H2 = H1 x [D2/D1]2
H2 = H1 x [N2/N1]2
BHP changes in direct proportion to the cube of impeller diameter ratio, or the
cube of speed ratio:
BHP2 = BHP1 x [D2/D1]3
BHP2 = BHP1 x [N2/N1]3
Where the subscript: 1 refers to initial condition, 2 refer to new condition
If changes are made to both impeller diameter and pump speed the equations can be
combined to:
Q2 = Q1 x [(D2xN2)/(D1xN1)]
H2 = H1 x [(D2xN2)/(D1xN1)]2
BHP2 = BHP1 x [(D2xN2)/(D1xN1)]3
This equation is used to hand-calculate the impeller trim diameter from a given pump
performance curve at a bigger diameter.
The Affinity Laws are valid only under conditions of constant efficiency.

Centrifugal Pumps: Basics Concepts of Operation, Maintenance, and Troubleshooting, Part I


By: Mukesh Sahdev, Associate Content Writer
Presented at The Chemical Engineers Resource Page, www.cheresources.com

Understanding Centrifugal Pump Performance Curves


The capacity and pressure needs of any system can be defined with the help of a
graph called a system curve. Similarly the capacity vs. pressure variation graph for a
particular pump defines its characteristic pump performance curve.
The pump suppliers try to match the system curve supplied by the user with a
pump curve that satisfies these needs as closely as possible. A pumping system operates
where the pump curve and the system resistance curve intersect. The intersection of the
two curves defines the operating point of both pump and process. However, it is
impossible for one operating point to meet all desired operating conditions. For example,
when the discharge valve is throttled, the system resistance curve shift left and so does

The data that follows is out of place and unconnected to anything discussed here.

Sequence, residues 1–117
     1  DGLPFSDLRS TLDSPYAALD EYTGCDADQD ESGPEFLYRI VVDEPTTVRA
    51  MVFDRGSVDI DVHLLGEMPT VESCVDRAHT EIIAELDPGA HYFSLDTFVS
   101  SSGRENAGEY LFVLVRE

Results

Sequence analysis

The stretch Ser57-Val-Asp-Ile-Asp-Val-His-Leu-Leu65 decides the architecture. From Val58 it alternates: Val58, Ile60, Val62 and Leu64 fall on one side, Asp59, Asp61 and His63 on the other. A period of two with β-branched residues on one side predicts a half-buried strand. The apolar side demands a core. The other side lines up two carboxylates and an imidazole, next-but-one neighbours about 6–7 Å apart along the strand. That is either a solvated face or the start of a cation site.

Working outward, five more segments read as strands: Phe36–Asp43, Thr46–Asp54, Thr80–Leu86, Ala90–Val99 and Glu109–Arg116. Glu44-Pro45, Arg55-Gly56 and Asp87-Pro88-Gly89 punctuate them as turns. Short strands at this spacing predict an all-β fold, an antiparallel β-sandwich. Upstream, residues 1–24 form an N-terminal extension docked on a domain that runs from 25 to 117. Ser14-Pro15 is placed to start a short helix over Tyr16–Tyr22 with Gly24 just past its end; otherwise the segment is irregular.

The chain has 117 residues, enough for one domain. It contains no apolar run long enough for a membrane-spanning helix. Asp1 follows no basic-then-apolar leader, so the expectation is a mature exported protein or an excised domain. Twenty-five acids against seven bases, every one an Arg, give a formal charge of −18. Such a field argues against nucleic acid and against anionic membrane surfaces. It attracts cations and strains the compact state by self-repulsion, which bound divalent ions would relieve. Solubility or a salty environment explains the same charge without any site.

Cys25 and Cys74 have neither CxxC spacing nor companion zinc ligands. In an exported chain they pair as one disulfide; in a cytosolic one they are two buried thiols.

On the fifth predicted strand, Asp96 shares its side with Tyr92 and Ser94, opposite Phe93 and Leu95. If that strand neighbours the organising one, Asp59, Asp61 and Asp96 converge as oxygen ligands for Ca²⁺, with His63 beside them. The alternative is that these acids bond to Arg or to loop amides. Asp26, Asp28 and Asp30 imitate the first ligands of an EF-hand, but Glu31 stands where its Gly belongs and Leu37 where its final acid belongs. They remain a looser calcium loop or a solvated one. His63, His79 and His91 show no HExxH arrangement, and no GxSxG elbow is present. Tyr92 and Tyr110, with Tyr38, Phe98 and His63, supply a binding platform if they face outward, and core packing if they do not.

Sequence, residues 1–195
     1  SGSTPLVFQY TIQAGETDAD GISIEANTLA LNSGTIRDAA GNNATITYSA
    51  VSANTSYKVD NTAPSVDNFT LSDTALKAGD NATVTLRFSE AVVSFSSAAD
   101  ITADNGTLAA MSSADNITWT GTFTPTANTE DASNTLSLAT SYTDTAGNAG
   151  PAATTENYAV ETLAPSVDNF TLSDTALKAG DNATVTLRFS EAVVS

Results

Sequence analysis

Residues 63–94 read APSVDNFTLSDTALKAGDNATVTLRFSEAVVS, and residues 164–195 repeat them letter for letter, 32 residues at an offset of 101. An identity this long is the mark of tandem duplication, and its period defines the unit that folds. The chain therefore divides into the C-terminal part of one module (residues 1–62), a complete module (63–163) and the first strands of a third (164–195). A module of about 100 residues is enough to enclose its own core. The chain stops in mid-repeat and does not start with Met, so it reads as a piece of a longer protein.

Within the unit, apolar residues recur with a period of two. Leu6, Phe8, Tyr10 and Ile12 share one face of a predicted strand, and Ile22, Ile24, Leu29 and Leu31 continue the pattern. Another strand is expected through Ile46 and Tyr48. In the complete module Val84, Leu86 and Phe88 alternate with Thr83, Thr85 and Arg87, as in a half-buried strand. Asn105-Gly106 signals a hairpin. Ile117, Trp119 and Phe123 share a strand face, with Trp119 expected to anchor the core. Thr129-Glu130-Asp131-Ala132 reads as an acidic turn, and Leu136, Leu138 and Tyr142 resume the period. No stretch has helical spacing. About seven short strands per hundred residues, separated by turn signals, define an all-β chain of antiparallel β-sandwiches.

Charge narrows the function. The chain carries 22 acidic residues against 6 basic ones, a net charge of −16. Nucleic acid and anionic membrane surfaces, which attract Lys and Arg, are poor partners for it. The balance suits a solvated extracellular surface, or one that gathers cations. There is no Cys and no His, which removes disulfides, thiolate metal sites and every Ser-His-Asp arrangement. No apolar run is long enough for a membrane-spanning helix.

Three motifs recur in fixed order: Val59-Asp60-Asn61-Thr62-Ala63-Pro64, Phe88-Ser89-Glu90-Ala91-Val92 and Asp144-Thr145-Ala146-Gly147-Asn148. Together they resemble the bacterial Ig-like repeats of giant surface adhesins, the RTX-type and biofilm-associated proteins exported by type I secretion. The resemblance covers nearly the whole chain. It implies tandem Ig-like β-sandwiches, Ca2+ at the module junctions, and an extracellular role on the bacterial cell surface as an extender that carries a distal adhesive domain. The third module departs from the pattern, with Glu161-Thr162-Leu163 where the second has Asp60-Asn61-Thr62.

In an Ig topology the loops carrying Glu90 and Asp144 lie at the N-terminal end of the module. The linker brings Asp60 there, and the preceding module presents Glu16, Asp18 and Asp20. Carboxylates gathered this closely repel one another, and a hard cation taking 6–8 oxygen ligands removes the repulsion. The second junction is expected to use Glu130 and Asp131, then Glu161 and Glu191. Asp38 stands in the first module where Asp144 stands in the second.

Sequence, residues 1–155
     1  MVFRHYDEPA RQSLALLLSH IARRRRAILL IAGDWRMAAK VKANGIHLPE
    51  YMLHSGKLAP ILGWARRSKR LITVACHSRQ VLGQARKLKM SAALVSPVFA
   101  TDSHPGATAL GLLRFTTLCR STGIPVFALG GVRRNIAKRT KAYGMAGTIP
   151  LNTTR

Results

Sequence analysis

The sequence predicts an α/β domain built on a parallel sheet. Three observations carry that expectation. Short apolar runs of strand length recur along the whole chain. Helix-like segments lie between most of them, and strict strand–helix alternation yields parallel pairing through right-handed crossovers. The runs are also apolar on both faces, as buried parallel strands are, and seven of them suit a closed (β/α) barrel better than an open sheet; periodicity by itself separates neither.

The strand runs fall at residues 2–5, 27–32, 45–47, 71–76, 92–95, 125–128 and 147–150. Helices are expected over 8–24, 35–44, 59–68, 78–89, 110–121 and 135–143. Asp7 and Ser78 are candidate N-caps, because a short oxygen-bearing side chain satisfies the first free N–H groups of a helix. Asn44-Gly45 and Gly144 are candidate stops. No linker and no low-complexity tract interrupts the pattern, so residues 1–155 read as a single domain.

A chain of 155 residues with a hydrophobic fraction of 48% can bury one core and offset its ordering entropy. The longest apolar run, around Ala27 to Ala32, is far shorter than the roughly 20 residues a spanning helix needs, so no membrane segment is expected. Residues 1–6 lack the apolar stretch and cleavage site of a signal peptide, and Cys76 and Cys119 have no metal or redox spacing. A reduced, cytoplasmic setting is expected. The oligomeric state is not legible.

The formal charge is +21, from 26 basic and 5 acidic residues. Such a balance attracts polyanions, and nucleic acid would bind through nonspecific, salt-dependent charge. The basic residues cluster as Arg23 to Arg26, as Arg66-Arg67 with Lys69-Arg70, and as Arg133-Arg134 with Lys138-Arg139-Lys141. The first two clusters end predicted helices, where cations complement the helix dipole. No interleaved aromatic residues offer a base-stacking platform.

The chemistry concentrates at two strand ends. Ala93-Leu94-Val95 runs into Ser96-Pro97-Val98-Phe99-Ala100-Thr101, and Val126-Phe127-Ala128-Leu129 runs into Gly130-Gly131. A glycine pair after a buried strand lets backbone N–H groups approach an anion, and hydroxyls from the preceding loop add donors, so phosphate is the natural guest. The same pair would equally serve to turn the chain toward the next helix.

the operating point.

Figure D.01: Typical system and pump performance curves

Centrifugal Pumps: Basics Concepts of Operation, Maintenance, and Troubleshooting, Part I


By: Mukesh Sahdev, Associate Content Writer
Presented at The Chemical Engineers Resource Page, www.cheresources.com

Developing a system curve


The system resistance or system head curve is the change in flow with respect to
head of the system. It must be developed by the user based upon the conditions of
service. These include physical layout, process conditions, and fluid characteristics. It
represents the relationship between flow and hydraulic losses in a system in a graphic
form and, since friction losses vary as a square of the flow rate, the system curve is
parabolic in shape. Hydraulic losses in piping systems are composed of pipe friction
losses, valves, elbows and other fittings, entrance and exit losses, and losses from
changes in pipe size by enlargement or reduction in diameter.

Developing a Pump performance Curve


A pump's performance is shown in its characteristics performance curve where its
capacity i.e. flow rate is plotted against its developed head. The pump performance curve
also shows its efficiency (BEP), required input power (in BHP), NPSHr, speed (in RPM),
and other information suc h as pump size and type, impeller size, etc. This curve is
plotted for a constant speed (rpm) and a given impeller diameter (or series of diameters).
It is generated by tests performed by the pump manufacturer. Pump curves are
based on a specific gravity of 1.0. Other specific gravities must be considered by the
user.

Normal Operating Range


A typical performance curve (Figure D.01) is a plot of Total Head vs. Flow rate for a
specific impeller diameter. The plot starts at zero flow. The head at this point
corresponds to the shut-off head point of the pump. The curve then decreases to a point
where the flow is maximum and the head minimum. This point is sometimes called the
run-out point. The pump curve is relatively flat and the head decreases gradually as the